Indeed, most of the interesting things about the Almeida’s production come about because of Frecknall’s direction or the superb performances of Pearl Chanda as Masha, Patsy Ferran as Olga and Ria Zmitrowicz as Irina. Like the Native American ‘three sisters’ method of companion planning corn, beans and squash together, Chekhov’s siblings always work best as a collective mass, each one only really understood when placed alongside the others. This is particularly true here where the performances are distinct to the point of almost (but never quite) being cartoonish. Chanda’s gothic Masha barely conceals crackling pain and an overload of emotion behind dryly-intoned insults. Zmitrowicz’s Irina is, for the most part, goofily girlish in a way that suggests this is her own coping mechanism, like it’s an active decision to take pleasure in a cute set of colouring pencils rather than give in to sadness. And both only really make sense when imagined growing up or around the base of Ferran’s stoic, calm and studiously reasonable Olga.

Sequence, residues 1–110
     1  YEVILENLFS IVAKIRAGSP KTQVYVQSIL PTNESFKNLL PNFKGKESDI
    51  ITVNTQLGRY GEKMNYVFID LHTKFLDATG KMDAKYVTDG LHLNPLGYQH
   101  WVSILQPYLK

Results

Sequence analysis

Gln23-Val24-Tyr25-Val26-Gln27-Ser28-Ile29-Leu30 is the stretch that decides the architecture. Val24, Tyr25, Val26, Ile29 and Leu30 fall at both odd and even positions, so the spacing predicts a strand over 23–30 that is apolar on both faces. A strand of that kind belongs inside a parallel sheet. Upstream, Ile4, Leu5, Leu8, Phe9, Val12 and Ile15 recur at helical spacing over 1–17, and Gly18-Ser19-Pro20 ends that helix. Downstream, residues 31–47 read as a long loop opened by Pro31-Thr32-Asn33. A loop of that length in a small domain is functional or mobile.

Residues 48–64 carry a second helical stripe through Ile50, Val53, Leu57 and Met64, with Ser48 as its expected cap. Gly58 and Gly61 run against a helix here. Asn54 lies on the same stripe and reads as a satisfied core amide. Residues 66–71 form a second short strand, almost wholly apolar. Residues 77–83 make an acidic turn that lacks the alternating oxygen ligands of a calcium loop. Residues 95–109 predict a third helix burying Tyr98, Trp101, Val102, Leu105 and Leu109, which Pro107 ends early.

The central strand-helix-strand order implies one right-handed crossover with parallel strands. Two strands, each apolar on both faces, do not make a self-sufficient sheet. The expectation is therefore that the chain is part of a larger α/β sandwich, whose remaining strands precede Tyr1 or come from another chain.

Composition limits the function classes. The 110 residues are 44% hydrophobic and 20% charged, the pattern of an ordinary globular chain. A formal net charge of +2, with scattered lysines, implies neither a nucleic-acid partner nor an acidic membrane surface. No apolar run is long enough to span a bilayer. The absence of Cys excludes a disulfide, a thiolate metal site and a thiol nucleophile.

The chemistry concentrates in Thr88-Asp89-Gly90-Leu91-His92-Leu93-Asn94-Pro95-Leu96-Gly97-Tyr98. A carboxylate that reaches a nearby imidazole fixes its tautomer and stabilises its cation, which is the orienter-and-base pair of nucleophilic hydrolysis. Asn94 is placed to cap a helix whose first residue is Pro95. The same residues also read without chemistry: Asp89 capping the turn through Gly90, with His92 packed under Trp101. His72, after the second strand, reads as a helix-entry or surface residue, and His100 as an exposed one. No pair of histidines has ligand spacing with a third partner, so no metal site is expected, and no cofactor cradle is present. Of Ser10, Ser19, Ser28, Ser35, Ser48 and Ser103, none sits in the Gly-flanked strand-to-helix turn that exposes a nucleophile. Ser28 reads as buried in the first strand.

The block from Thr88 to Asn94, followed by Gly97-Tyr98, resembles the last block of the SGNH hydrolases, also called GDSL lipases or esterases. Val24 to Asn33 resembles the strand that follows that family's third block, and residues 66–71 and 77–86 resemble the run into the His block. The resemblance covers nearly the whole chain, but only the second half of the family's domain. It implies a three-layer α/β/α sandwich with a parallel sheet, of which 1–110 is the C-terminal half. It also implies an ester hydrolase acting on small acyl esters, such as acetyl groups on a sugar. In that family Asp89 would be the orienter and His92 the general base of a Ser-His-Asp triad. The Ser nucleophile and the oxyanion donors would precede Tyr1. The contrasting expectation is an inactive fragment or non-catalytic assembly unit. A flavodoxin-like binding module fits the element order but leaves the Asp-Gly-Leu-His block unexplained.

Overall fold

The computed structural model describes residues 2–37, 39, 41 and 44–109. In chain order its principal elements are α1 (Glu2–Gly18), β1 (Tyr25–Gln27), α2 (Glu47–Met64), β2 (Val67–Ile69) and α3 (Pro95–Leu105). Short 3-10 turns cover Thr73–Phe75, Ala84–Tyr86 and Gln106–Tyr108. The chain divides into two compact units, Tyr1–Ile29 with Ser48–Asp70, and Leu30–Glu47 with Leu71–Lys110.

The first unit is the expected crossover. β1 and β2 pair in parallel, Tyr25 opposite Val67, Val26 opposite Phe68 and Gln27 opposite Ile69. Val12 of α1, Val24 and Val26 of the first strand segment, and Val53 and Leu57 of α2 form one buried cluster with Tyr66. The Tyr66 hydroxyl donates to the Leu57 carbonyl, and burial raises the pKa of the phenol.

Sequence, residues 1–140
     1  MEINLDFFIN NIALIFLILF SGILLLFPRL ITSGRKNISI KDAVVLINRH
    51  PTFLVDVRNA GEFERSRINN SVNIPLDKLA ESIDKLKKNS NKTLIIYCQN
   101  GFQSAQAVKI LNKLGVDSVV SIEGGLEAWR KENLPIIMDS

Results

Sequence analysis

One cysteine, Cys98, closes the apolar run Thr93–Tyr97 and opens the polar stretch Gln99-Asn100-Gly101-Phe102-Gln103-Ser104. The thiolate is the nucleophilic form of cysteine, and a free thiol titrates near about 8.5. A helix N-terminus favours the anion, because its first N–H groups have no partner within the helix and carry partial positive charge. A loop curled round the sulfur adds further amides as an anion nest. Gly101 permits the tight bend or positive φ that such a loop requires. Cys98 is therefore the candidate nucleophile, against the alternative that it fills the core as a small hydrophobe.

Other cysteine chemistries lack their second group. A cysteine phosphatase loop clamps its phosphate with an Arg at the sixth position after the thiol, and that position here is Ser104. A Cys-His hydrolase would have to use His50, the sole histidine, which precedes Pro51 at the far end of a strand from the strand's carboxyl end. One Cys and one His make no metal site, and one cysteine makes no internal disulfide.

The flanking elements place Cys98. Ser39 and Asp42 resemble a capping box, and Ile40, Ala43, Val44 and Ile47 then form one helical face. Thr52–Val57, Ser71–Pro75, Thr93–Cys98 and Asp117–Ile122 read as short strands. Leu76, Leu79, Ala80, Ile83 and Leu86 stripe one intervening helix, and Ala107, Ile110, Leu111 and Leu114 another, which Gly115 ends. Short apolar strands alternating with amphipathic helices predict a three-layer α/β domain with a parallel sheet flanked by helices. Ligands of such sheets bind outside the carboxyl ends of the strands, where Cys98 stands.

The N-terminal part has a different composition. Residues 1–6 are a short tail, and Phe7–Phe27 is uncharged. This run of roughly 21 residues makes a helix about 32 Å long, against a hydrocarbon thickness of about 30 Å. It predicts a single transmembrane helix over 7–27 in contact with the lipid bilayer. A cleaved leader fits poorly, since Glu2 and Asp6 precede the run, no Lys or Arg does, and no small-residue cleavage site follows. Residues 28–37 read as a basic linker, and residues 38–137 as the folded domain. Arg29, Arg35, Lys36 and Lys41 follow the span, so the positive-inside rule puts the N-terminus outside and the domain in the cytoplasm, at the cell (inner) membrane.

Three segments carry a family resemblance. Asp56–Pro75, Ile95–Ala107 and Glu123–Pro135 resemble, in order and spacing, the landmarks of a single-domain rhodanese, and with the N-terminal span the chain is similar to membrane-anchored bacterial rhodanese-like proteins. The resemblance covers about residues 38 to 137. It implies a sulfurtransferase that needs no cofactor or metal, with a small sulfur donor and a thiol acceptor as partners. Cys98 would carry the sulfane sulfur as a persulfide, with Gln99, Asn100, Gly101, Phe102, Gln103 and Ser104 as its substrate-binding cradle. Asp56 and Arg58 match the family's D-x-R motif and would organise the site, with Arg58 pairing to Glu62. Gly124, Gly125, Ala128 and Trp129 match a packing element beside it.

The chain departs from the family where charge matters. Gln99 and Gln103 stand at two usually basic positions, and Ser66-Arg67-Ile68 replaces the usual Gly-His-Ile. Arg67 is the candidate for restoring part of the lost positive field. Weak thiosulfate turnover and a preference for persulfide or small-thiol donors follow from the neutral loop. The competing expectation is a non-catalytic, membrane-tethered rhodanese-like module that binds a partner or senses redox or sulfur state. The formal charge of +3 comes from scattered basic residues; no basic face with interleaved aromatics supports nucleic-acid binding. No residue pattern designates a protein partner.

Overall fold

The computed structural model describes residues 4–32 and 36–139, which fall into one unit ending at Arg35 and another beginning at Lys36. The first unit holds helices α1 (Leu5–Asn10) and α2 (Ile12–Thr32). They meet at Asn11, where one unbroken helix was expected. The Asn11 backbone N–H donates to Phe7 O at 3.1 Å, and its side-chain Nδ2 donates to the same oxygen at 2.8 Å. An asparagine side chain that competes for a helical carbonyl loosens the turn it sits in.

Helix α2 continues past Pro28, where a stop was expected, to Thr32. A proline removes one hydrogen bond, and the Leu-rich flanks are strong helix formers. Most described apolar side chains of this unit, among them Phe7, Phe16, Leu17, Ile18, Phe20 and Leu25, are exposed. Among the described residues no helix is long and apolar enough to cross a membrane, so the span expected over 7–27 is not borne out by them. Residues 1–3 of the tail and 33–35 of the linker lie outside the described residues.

There was a moment during watching Three Sisters, when Irina lay on the floor at the front of the stage playing cards and the stage was illuminated with globules of orange light, where I thought to myself, ‘this is so fucking beautiful, it hurts to look at it.’ Hildegard Bechtler’s design and Jack Knowles lighting combine to make scenes of such considered gorgeousness that, like Irina whirling in the snowstorm, you start to feel a bit dizzy looking at them. It’s the kind of beauty that’s pushing so hard against its own limitations, straining to look just-so, that it always feels on the brink of shattering or of becoming a memory before you’ve fully witnessed it. The kind of beauty that leaves you feeling a little hopeless.